It’s toy day and the children bring toys that move. They explore push and pull forces to move their toys in different ways like rolling, spinning, bouncing and jumping. They investigate how things roll – and what makes their toys roll.
The children play with their toys to explore what the toys can do.
In a circle, the children look at and talk about the toys.
We put hula hoops on the floor with labels inside: push and pull.
Each child decides whether s/he has to push or pull to make the toy move.
Then, a suggestion: “We need another hoop for spin because E spins her hand top.” And a question, “Will E’s hand top spin longer than F’s beyblade?”
What do you think?
Which will spin longer – a small hand top or a Beyblade?
Other questions come thick and fast:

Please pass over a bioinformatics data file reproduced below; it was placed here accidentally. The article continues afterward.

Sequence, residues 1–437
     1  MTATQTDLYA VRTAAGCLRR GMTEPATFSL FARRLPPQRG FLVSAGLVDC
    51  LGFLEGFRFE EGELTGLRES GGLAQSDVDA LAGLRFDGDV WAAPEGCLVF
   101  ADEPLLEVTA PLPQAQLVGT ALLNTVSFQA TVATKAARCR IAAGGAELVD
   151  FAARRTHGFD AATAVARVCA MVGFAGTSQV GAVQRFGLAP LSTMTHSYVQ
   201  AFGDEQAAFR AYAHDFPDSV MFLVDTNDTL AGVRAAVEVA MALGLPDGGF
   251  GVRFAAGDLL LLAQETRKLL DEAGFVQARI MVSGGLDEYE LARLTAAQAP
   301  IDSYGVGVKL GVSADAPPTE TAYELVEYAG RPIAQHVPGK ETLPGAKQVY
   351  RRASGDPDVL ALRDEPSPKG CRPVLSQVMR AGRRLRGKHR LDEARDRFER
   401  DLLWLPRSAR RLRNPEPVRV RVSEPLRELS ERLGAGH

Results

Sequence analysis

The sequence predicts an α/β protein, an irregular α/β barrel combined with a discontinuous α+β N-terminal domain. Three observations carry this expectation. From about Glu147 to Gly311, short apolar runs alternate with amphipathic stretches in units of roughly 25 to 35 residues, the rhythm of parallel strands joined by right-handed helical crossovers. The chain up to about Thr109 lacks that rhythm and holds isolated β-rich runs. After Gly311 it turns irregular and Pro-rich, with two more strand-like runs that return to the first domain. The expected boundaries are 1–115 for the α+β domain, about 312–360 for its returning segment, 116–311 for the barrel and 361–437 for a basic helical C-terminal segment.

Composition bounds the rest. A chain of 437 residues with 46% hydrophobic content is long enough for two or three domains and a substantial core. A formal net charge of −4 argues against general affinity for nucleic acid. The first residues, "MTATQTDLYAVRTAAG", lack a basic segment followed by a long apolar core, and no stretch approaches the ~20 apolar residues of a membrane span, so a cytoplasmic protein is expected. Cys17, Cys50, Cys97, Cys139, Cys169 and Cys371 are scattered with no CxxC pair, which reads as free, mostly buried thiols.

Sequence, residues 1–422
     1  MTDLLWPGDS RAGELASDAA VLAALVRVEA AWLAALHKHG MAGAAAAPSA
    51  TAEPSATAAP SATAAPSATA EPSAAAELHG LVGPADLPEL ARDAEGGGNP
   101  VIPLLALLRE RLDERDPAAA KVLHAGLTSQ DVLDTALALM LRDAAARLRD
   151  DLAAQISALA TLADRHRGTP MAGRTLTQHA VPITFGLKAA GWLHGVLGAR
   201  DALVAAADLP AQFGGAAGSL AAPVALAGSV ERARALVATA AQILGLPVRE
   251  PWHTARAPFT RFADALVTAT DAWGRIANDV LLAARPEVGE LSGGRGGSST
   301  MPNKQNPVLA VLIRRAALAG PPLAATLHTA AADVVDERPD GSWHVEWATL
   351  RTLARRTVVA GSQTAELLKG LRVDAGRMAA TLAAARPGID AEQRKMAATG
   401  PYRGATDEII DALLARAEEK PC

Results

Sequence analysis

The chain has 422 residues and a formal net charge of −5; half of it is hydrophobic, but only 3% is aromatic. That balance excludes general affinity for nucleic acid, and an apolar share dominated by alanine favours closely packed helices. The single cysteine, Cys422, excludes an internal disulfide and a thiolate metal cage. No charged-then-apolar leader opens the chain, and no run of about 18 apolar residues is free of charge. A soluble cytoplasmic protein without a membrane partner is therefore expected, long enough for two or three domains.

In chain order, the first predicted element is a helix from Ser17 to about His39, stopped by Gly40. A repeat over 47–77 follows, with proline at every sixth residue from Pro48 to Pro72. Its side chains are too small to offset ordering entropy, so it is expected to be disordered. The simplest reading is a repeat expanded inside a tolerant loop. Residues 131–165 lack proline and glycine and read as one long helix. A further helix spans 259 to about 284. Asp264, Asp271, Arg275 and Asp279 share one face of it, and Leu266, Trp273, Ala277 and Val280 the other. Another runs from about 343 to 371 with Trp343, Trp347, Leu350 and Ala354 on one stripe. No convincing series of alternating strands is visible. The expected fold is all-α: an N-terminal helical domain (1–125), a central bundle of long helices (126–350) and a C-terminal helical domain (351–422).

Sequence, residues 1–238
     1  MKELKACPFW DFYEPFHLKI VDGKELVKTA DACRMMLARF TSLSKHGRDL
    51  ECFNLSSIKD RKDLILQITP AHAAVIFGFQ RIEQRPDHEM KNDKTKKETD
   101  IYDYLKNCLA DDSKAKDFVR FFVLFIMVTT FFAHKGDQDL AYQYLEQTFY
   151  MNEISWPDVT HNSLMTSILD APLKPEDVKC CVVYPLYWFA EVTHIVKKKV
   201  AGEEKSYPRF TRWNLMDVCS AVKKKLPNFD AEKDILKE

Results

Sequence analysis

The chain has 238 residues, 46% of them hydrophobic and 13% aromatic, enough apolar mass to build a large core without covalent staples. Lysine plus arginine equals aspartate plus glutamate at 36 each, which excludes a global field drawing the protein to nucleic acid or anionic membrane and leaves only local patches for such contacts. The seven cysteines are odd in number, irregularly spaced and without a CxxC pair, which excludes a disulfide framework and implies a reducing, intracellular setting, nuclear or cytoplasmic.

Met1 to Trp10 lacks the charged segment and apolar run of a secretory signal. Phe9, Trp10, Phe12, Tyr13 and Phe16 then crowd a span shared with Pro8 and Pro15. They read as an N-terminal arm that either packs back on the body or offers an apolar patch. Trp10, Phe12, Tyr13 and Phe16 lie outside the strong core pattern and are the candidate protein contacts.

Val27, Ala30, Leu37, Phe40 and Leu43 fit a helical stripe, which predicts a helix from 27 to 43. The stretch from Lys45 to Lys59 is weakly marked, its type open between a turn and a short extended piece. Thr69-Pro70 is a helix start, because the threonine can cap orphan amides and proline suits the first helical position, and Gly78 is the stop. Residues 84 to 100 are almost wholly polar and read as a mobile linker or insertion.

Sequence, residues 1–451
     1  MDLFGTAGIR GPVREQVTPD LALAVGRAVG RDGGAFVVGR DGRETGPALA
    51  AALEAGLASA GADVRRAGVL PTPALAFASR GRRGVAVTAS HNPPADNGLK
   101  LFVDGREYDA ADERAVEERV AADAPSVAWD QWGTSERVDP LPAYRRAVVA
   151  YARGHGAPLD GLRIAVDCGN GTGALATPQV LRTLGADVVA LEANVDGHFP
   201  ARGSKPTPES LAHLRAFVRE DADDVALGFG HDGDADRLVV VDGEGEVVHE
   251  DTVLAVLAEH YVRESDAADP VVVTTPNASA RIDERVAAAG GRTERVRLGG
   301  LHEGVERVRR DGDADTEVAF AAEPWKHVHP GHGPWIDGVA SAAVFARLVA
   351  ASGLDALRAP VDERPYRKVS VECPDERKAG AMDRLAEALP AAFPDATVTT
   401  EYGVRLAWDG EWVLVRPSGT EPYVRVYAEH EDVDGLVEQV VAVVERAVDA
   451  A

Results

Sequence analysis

Do you push and/or pull the levers to make a remote-control truck go?
Do toy cars and trucks go better on carpet, vinyl or cement? Why?
What happens to a toy car on a steep ramp? What happens if you change the slope of the ramp?
Why does a tennis ball bounce higher on vinyl rather than carpet or grass?
For most of these toys to go, do you push or pull?
Please leave a comment.
What force do most of your children’s toys use?
What toys do your children like to play with? Why?
Leave a Reply